Honolulu’s new city prosecutor stops massage parlor, prostitution raids

Published: May. 28, 2021 at 4:29 PM HST|Updated: May. 28, 2021 at 9:00 PM HST
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HONOLULU (HawaiiNewsNow) - Prostitution raids have stopped in Honolulu since new city Prosecutor Steve Alm took over this year.

In a statement, he said the raids didn’t “meaningfully address the root cause of the problem: Human trafficking” and so plans to re-focus his efforts.

Between 2018 and 2020, there were dozens of raids of massage parlors and spas.

Among the crimes people were arrested for: Prostitution, promoting prostitution and operating an illegal business. Last year, during the pandemic, the city Prosecutor’s Office added emergency order violations to the list.

Many of the busts were at Century Center.

“It’s one of Oahu’s biggest brothels and I understand the frustration of the residents in those kinds of buildings where, you know, in the middle of the night people are standing around in their hallway,” said Meda Chesney-Lind, a University of Hawaii professor of Women’s Studies.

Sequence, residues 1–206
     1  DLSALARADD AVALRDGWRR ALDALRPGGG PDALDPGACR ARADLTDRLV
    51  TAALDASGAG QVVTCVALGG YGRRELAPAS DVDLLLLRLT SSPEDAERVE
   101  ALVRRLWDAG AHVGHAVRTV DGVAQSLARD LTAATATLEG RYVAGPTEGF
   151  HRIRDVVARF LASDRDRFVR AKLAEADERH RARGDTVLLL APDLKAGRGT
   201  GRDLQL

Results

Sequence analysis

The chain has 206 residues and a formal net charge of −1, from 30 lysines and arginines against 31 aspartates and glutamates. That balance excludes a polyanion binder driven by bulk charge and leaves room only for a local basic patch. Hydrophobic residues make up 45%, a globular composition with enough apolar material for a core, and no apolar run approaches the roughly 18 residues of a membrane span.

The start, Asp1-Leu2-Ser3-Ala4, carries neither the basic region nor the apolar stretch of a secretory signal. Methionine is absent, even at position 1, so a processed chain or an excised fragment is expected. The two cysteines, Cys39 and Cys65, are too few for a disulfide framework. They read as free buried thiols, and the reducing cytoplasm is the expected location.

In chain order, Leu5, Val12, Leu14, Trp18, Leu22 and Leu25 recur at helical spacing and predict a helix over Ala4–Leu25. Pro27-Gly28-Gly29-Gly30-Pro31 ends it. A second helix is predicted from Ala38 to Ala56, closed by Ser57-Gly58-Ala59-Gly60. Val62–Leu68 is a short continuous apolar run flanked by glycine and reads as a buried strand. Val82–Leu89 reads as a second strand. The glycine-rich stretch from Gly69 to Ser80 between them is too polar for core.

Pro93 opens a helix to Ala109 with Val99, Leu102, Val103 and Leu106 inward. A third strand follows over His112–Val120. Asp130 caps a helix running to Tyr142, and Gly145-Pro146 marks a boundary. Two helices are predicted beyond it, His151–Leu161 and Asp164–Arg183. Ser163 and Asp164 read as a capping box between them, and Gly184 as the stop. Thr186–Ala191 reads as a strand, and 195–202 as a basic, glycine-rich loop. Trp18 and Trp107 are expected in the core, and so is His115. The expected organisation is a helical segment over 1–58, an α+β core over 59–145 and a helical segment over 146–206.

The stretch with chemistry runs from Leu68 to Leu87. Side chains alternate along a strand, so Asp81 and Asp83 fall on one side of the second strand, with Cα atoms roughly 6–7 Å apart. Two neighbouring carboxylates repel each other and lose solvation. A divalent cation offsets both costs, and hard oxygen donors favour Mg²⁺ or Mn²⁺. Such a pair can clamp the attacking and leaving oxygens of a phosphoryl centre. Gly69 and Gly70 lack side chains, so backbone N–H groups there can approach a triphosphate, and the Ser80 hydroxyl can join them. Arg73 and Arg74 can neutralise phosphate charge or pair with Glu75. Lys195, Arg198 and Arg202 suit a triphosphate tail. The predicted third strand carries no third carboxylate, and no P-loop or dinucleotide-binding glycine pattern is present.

Chesney-Lind’s husband used to have an office in Century Center.

“I’ve heard the complaints,” she said.

While the law enforcement action would shut down the operations for awhile, Chesney-Lind said the illegal activity always returned.

When Alm took over as Honolulu’s prosecuting attorney in January, the enforcement policy changed.

In a statement to Hawaii News Now, Alm said the prior administration’s actions were “resource-intensive and have generally resulted only in misdemeanor arrests for prostitution.”

Alm said his office is redirecting resources and working with the state Attorney General’s office and Homeland Security Investigations, among others, to focus more efforts and training on identifying trafficking.

Chesney-Lind agreed that shifting the focus could have a bigger impact, even though it will mean neighbors need to be patient.

“Many of the women who get into this occupation are simply trying to come to the United States and this is a way to do that. They’re doing it illegally so that’s a problem,” she said.

Chesney-Lind also wants to see more resources become available for the women trying to escape the business.

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